I read a great deal of noise from authors concerned about theft of their ebooks online, and it seems to be one of the primary fears they have about DRM-free (Digital Right Managed) electronic distribution. But if illegal ebooks prove to be anything like old-school internet warez distribution, I believe authors can worry a little less.
In those primeal internet years, well before peer-to-peer technologies such as torrents were developed, ugly entities called warez sites sprang up to distribute illegal copies of software, games and serial numbers one might otherwise have to pay for. Hackers became crackers (mostly from mainland Europe I seem to remember), specialising in breaking through each new level of software piracy protection. Geeks would hoard thousands of applications on bulging, expensive hard drives, boosting their community status by boasting “ownership” of PhotoShop 2.0 less than one week after its release. (I am talking about everyday internet users here, not organised software “pirates” who burn duplicate disks and print fake boxes.)
Warez were downloaded simply because they could be; because they were there. Sure, some illegal copies were used, sometimes commercially, but the vast majority – and I’m talking from my personal experience with geeks from that time – were downloaded purely for status and by individuals who would never have purchased the paid version in the first place. They downloaded, installed, played for an hour or two, then shoved them onto an archive or backup disk (remember computer hard disks were both small and hugely expensive). It would be simply impossible for any individual to utilise the vast libraries of collected software for any real gain.
The majority of deliberate software piracy I came across working in the design industry – which utilised what might be regarded as the prime piracy targets: Adobe, Quark, et al – came from companies with multiple computer workstations but only one or two legitimate serial numbers.
I remember freelancing for a regional but prestigious design company, just after Adobe introduced network serial number checking. Each workstation had its ethernet network cable connector deliberately routed around the front of the computer. Before booting Photoshop, I was instructed to disconnect the network cable to prevent the software sniffing other copies with the same serial number on the network.
More ebooks than ever
It is not hard to find ilegal download locations for individual books or even collections of thousands of books. Such downloads are not limited to ebooks, you will find countless converted scanned printed books, too.
I believe the warez mentality of the early internet prevails here.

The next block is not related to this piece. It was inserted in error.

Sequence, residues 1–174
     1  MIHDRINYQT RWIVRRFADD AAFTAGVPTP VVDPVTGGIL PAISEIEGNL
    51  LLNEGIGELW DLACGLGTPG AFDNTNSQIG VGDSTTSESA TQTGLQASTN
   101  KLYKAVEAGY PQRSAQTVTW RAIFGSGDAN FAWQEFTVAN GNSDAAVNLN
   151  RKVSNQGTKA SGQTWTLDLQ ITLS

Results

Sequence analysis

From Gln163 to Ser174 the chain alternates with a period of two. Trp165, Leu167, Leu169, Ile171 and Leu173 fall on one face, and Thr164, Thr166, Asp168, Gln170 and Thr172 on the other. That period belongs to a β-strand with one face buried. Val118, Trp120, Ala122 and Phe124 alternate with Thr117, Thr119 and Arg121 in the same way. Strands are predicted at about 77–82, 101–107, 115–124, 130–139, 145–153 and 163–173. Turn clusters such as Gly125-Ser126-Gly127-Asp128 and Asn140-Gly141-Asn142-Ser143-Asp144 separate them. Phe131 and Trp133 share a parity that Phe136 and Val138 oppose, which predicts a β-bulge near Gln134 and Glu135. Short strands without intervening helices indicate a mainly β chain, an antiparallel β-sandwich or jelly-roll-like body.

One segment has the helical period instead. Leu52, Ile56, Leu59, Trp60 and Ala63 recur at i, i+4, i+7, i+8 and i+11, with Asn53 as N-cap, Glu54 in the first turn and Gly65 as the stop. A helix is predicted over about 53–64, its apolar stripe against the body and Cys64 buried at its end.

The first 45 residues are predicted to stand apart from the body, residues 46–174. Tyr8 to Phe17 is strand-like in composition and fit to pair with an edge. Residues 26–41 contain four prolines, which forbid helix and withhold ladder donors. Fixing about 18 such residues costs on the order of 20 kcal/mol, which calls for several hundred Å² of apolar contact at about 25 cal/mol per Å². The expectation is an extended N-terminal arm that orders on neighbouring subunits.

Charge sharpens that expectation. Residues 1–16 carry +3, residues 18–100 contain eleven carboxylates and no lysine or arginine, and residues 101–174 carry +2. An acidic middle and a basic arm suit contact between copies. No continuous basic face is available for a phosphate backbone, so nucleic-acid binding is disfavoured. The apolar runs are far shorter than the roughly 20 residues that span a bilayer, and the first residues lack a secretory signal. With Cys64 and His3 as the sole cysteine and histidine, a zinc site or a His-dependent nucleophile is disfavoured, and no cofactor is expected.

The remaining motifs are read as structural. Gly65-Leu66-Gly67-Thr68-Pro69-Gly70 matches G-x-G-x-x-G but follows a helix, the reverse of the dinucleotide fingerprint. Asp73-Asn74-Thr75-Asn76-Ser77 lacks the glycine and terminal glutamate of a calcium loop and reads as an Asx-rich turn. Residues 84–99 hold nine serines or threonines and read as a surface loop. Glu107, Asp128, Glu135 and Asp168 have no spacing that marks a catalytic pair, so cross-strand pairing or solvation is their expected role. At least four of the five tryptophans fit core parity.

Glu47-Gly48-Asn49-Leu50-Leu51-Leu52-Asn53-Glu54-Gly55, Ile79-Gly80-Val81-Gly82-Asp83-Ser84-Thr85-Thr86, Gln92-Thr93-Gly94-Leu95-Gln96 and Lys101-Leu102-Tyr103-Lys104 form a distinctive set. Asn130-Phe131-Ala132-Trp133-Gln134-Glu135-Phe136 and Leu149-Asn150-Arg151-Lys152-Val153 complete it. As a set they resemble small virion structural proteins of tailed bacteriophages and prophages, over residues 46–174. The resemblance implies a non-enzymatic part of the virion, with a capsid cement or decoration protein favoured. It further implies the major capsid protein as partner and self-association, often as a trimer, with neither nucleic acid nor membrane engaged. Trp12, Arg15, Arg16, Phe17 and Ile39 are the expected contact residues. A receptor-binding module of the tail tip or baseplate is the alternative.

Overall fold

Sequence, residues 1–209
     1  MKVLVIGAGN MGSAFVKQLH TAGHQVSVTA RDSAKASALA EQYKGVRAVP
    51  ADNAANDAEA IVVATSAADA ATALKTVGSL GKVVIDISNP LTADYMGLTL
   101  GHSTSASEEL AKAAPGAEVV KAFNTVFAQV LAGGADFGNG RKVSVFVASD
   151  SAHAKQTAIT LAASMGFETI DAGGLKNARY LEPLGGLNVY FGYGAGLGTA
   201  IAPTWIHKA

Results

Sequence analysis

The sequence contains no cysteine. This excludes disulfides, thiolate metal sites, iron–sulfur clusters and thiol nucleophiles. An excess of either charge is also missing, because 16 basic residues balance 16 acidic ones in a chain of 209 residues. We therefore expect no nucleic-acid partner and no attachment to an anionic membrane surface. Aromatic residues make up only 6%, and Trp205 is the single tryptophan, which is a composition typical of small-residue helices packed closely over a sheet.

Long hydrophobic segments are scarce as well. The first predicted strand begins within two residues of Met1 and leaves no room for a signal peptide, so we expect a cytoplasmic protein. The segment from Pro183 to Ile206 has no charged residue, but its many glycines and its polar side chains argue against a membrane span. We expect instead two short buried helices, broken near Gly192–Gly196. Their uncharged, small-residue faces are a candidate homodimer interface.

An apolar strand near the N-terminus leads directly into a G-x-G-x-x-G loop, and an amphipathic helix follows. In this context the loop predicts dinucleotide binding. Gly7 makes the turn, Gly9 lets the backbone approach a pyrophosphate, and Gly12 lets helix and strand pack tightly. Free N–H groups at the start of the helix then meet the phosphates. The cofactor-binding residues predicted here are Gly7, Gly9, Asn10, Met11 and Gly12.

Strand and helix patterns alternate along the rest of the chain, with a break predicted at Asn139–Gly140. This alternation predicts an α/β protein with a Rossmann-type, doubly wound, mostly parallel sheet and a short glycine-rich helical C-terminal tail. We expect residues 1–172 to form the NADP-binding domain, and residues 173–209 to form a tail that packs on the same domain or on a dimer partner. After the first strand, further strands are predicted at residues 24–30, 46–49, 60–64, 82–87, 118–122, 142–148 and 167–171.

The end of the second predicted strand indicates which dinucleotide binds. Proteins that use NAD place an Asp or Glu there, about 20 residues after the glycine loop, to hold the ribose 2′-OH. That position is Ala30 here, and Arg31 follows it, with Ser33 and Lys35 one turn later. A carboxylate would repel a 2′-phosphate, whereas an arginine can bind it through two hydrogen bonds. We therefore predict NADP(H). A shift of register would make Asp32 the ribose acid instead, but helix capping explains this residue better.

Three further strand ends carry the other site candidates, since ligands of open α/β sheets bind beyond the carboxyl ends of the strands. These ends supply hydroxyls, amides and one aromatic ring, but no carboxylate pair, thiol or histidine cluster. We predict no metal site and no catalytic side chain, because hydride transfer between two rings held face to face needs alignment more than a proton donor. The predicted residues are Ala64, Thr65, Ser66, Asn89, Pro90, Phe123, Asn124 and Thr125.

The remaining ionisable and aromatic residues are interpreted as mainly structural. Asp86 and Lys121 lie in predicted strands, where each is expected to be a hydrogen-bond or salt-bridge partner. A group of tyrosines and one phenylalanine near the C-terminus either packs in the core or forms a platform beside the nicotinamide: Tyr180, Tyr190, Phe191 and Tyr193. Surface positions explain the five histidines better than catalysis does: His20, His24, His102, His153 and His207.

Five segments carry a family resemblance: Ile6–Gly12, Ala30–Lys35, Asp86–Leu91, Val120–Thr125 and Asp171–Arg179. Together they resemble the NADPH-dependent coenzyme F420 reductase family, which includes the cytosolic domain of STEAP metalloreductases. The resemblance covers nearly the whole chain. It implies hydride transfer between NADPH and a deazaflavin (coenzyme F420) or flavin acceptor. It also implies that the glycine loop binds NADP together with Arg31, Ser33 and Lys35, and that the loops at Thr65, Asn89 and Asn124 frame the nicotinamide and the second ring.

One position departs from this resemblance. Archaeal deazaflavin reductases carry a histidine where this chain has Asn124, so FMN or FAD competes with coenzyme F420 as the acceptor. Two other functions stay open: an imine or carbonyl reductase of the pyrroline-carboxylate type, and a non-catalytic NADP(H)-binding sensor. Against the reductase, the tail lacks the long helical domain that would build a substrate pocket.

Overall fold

[aside]those downloads are made by individuals who would never have purchased the book in the first place…[/aside]
Authors and publishers may be facing the prospect of many thousands of copies of their books illegally downloaded, but I believe the vast majority of those downloads are made by individuals who would never have purchased the book in the first place. Consider this: if you download a hundred books, how many will you actually read? How many would you have purchased if the illegal download option had not been available?
Are authors losing revenue? Of course, but I do not believe the level of lost revenue from illegal file sharing is as significant as the publishing industry, and many authors, insist.
The situation is very different for DVDs, movies and audio books. These media types can be viewed or listened to whilst working, for example. It is no stretch of the imagination to appreciate that it is far more likely downloaded movies will be watched than downloaded books will be read – purely because of the time commitment.
Online vs offline
I continue to believe the vast majority of genuine readers – by that I mean individuals who select a book because they wish to read it rather than simply “own” it – will continue to purchase the majority of their book collections, even with the growth of reading devices.
The internet gives us a distorted view of the world: geeks are the mainstream. (Though where an author’s audience consists of a majority of geeks, perhaps they have greater cause for concern than if the audience is generally over 65 years old.)
As authors and publishers, we must use our energies in educating readers about the nature and benefits of books in whichever format – particularly regarding their pricing (that’s a whole other story) – and not waste too much energy worrying about illegal distribution amongst the ethereal audience: individuals who would never read our books at all if forced to pay for them.